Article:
Thank Yous

Many folks have generously and enthusiastically given of their time and resources to make this project possible. We wish to thank each of you for your individual contributions.This is going to be a perpetually incomplete list, as we have countless folks to thank, but we will be adding many more as we go!

Firstly, a great big thank you goes out to ALL of you who have shared your stories about John through live interviews, audio tapes, video tapes, printed materials, and writing. Your generosity and love of the subject make this film a uniquely special effort.

Big thanks goes out to the Foundation for Bluegrass Music, for making a 3K grant to Aereotwang and the Hartford documentary. That grant has enabled the shooting and interviewing that required the most travel and greatest expense, and we could not have done it without their help.

To David Holt, not just for a wonderful interview, but for digging into his personal archives and generously loaning us some very special videos of John Hartford.

To the wonderful Ms. Sonya Cotton for invaluable advice that got us through the non-profit application process in half the usual time, and for hooking us up with several of our interviewees and resources. Sonya is a bluegrass music lover and an invaluable asset to the Bluegrass Anonymous organization of Louisville.

To John Hotze for sharing some great resources in his archive, for a great interview and lots of useful history, and for all his efforts in putting on the John Hartford Memorial Festival and letting us be a part of it.

Big ole thanks to David Kieffer, a school-mate and friend of John’s, who took time out (many hours) to walk through Johns old school classrooms with us and gave us loads of key background and history. He even brought in his old school yearbooks and flagged all the pages that had John on them for us.

Special thanks go to David Schenk for permitting us to use his library of wonderful photos he shot of John over the years. Without his photos, this website would not have been possible. We thoroughly enjoyed spending time with him and his father Jim (major steamboat enthusiasts, both), and hearing about their friendships with John.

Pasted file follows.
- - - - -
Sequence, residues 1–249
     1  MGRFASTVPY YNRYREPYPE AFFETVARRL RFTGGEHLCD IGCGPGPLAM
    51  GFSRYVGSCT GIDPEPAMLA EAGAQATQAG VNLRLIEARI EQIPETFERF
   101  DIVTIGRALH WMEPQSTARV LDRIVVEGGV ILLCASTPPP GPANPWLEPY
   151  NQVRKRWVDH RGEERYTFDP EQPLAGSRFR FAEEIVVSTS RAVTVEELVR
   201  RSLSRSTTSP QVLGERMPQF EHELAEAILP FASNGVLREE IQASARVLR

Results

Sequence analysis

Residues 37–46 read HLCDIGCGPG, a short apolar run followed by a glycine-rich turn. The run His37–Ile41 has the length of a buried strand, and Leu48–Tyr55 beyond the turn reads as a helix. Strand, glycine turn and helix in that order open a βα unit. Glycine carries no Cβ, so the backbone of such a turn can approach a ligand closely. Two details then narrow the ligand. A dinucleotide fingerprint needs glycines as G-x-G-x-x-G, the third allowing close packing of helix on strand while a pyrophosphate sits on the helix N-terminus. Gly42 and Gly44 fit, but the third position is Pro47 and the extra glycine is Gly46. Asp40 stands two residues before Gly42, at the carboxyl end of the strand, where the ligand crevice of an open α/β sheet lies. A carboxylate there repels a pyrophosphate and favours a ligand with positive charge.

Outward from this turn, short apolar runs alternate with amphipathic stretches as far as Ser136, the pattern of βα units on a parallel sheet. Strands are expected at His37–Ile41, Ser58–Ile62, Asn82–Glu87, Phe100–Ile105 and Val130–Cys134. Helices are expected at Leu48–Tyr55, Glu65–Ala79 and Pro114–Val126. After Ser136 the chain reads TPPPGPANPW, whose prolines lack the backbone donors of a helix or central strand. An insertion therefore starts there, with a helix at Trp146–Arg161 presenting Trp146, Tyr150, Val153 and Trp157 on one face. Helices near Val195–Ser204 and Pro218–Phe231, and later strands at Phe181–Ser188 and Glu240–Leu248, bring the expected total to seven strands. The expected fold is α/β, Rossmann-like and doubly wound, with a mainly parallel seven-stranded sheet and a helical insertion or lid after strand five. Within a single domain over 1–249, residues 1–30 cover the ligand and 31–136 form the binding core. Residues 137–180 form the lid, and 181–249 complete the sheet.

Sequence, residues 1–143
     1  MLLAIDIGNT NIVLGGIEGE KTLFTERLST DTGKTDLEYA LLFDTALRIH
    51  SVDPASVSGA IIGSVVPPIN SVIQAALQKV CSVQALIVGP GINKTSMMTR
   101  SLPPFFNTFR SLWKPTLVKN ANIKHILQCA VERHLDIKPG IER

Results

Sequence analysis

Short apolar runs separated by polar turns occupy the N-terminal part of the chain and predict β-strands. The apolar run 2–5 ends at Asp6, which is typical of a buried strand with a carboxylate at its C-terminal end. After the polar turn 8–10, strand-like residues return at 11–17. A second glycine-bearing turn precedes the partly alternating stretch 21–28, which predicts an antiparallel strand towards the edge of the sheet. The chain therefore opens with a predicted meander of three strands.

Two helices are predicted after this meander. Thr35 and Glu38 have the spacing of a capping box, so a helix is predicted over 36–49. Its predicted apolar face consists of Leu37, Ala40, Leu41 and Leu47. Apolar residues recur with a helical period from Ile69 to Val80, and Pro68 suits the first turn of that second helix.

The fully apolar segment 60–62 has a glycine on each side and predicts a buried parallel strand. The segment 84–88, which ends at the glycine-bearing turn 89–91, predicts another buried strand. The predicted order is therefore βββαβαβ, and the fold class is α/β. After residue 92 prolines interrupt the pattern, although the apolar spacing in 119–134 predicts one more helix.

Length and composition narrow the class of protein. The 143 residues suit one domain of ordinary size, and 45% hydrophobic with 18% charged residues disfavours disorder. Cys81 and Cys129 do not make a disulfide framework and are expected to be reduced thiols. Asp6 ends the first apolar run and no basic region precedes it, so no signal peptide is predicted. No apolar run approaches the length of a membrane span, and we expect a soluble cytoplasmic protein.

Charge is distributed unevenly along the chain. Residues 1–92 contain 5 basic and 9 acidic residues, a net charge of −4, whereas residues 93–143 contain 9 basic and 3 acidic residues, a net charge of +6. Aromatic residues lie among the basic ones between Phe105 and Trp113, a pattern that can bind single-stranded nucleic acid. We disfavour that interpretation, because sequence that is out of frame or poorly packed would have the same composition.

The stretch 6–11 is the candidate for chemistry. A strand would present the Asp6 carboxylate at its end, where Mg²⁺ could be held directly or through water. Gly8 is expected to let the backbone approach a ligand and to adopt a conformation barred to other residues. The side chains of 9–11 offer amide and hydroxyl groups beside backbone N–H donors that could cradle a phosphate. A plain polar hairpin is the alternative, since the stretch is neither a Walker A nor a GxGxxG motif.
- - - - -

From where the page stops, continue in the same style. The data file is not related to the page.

To Mark O’Connor and his marvelous fiddle camp, where the two producers of this film first met as fiddle campers, and where John Hartford fiddled on the front porch and sparked the very beginnings of this documentary.

To Captain Stinson of the steamer General Jackson, for turning the boat around from the planned itinerary and going the other direction on the river, just so it would cruise past John’s house on the Cumberland river for the benefit of our video camera.

To Stephen Haley, grandson of fiddler Ed Haley, for helping us immensely with that chapter of John’s interests.

We’d like to thank a kind Kentucky gal, Chara Hutzell, of the Loew’s Annapolis Hotel, and her excellent staff, for giving us star treatment even though we weren’t the star of our interview with Tommy Smothers. She arranged a lovely suite for us and even rustled up an extra tripod when I discovered mine was not with me (gasp!). Chara and her crew are a first-class operation in every way.

Many twangs to the helpful and generous staff at the gorgeous, newly renovated Union Station Hotel in downtown Nashville for providing us a great hearthside location to interview Doug Dillard. Thanks also to the complete gentlemen of RC Mathews Builders, renovators of that great old train station, who halted their noisy work long enough for us to complete our interview when they found out who was there and what we were up to.

Special thanks to WALA and our WALA-sponsored lawyer Richard J. Marks for his assistance in matters legal, and to his firm, DLA Piper, for lending him to us on occasion. More information about the WALA organization (Washington Area Lawyers for the Arts) is at